I'm hoping to sort the items returned in the following query by the order they're entered into the IN() function.


SELECT id, name FROM mytable WHERE name IN ('B', 'A', 'D', 'E', 'C');


|   id   |   name  |
|   5    |   B     |
|   6    |   B     |
|   1    |   D     |
|   15   |   E     |
|   17   |   E     |
|   9    |   C     |
|   18   |   C     |

Any ideas?

SELECT id, name
FROM mytable
WHERE name IN ('B', 'A', 'D', 'E', 'C')
ORDER BY FIELD(name, 'B', 'A', 'D', 'E', 'C')

The FIELD function returns the position of the first string in the remaining list of strings.

However, it is much better performance-wise to have an indexed column that represents your sort order, and then sort by this column.

  • uh, that's quite cool! I suspect it's MySQL-specific? – Vladimir Dyuzhev Jun 6 '09 at 1:08
  • 9
    @Vladimir - yes, it is MySQL-specific. The question has the mysql tag. – Ayman Hourieh Jun 6 '09 at 1:10
  • Great, replacement for Oracle's "decode" function after DB switch. – Martin Lyne Nov 15 '12 at 13:36
  • 6
    Careful. Any unknown property value (not in the list) will take precedence over the known values, i.e. FIELD(letter, 'A', 'C'), the list will first return entries with B letter first (assuming a set of records with A | B | C values). To avoid that, inverse the list and use DESC, i.e. FIELD(letter, 'C', 'A') DESC. – Gajus Mar 30 '17 at 17:42
  • Cool!!!, Works prettty smooth in one line of code... :) +1 – RJParikh Apr 10 '18 at 12:31

Another option from here: http://dev.mysql.com/doc/refman/5.0/en/sorting-rows.html

select * 
from tablename 
order by priority='High' DESC, priority='Medium' DESC, priority='Low" DESC;

So in your case (untested) would be

SELECT id, name
FROM mytable
WHERE name IN ('B', 'A', 'D', 'E', 'C')
ORDER BY name = 'B', name = 'A', name = 'D', name =  'E', name = 'C';

Depending what you're doing I've found it a bit quirky but always got it to work after playing with it a bit.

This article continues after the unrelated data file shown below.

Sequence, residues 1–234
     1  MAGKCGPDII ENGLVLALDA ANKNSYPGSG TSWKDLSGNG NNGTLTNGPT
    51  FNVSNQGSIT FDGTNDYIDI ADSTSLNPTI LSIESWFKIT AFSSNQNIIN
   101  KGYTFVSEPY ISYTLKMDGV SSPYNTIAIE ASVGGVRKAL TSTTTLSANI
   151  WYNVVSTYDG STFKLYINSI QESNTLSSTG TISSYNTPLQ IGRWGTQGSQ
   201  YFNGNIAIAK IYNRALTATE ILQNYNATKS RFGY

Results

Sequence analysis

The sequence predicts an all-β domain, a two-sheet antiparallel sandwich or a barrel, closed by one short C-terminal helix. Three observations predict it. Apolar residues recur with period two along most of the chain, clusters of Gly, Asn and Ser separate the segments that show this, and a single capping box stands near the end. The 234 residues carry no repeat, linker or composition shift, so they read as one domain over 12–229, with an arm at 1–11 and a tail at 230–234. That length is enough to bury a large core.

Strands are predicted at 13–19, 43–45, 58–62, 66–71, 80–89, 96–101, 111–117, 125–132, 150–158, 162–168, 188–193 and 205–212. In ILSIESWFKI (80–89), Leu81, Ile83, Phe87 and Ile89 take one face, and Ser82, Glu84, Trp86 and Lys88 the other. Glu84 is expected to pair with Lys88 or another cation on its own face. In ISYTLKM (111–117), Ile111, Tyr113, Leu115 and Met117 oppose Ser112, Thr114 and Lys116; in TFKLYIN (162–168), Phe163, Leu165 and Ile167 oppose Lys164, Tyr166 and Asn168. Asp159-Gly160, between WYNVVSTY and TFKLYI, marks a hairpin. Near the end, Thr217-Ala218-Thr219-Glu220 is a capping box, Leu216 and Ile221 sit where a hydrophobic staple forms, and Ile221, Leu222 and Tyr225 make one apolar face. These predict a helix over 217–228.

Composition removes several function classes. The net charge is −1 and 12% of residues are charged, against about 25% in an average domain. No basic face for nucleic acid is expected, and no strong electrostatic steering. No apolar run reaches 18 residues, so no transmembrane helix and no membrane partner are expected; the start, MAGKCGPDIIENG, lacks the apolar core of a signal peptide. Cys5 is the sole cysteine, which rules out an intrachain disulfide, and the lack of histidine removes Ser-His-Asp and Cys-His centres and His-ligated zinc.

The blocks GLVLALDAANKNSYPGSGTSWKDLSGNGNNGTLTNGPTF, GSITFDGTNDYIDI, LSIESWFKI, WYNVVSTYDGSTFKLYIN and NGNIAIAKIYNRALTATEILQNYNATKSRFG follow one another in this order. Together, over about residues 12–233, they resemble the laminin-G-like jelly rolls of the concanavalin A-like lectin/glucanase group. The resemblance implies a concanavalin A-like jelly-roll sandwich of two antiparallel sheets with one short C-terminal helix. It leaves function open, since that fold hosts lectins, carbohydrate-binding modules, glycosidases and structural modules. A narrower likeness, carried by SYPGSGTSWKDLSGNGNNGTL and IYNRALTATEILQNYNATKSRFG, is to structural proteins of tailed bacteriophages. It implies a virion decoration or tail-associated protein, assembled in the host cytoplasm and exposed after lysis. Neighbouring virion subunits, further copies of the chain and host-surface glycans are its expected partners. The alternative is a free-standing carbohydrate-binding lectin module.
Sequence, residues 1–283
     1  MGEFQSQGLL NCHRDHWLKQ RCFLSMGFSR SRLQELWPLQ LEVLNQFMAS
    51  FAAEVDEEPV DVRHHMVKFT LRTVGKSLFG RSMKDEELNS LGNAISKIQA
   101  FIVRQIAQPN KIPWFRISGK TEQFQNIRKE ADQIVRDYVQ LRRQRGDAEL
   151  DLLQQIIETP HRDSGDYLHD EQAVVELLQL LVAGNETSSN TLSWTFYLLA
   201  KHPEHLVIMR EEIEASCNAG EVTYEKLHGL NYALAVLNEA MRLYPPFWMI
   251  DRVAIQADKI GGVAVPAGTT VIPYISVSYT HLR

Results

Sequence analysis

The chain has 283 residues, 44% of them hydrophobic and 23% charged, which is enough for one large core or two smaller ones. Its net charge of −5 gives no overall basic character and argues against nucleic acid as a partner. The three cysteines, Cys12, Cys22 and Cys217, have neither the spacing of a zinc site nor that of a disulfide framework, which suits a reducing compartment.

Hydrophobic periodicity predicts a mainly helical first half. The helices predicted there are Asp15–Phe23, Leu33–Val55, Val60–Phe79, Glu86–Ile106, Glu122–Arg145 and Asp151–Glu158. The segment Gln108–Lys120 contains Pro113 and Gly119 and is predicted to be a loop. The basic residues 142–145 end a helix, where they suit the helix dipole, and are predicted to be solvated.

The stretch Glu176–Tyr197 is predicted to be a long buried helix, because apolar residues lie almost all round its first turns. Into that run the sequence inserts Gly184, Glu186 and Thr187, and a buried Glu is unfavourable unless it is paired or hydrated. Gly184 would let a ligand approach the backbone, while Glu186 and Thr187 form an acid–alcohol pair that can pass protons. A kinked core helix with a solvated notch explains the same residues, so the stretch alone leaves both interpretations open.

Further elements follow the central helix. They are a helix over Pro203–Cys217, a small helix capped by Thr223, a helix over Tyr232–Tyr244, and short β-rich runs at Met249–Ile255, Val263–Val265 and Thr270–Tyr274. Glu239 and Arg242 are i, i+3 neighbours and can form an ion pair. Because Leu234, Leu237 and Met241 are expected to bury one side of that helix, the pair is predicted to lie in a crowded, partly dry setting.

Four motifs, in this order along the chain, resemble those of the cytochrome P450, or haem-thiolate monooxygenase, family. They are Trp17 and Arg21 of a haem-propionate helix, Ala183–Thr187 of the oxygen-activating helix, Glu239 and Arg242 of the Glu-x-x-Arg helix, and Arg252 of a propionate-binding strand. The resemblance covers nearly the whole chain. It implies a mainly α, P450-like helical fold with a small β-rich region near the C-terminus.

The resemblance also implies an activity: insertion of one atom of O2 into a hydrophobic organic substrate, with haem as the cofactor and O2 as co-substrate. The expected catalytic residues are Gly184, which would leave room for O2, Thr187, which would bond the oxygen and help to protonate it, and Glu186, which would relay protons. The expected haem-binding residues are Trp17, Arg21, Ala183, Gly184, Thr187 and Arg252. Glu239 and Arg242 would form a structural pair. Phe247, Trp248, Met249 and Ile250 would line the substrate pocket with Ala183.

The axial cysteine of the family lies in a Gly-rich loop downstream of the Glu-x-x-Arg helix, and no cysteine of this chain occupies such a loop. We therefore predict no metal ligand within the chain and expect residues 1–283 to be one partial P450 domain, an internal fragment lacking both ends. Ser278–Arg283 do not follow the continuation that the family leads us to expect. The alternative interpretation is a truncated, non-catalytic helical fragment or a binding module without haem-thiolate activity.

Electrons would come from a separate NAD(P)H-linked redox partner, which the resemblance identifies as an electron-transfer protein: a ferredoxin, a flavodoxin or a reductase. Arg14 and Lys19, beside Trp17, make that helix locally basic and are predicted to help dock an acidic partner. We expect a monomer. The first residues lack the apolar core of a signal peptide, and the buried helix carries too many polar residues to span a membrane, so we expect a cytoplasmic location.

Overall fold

• This may be better than using the field() function as another answer suggested because using field() will preclude index usage, but it has a chance to use an index using this method (not sure how well it might use the index, though) – ʞɔıu Jun 6 '09 at 15:28
  • This doesn't work on MySQL 5.6: sqlfiddle.com/#!9/9bd6c5/3. – Lacek Aug 25 '16 at 9:11
  • 1
    @Lacek it does sqlfiddle.com/#!9/9bd6c5/5 – trrrrrrm Oct 1 '16 at 17:29
  • But execution time is higher than accepted answer – Pradeep Singh Sep 20 '17 at 7:17

Try something like


May be this can help someone (p_CustomerId is passed in SP):

SELECT CompanyAccountId, CompanyName
FROM account
LEFT JOIN customer where CompanyAccountId = customer.AccountId
GROUP BY CompanyAccountId
ORDER BY CASE WHEN CompanyAccountId IN (SELECT AccountId 
                                          FROM customer
                                          WHERE customerid= p_CustomerId) 
                 THEN 0
                 ELSE 1
          END, CompanyName;

Description: I want to show the account list. Here i am passing a customer id in sp. Now it will list the account names with accounts linked to that customers are shown at top followed by other accounts in alphabetical order.


You need another column (numeric) in your table, in which you specify the sort order. The IN clause doesn't work this way.

B - 1
A - 2
D - 3
E - 4
C - 5

just use

order by INSTR( ',B,C,D,A,' ,  concat(',' , `field`, ',' ) )

avoid the situation like

 INSTR('1,2,3,11' ,`field`) 

will end with unordered result row : 1 and 11 alternant

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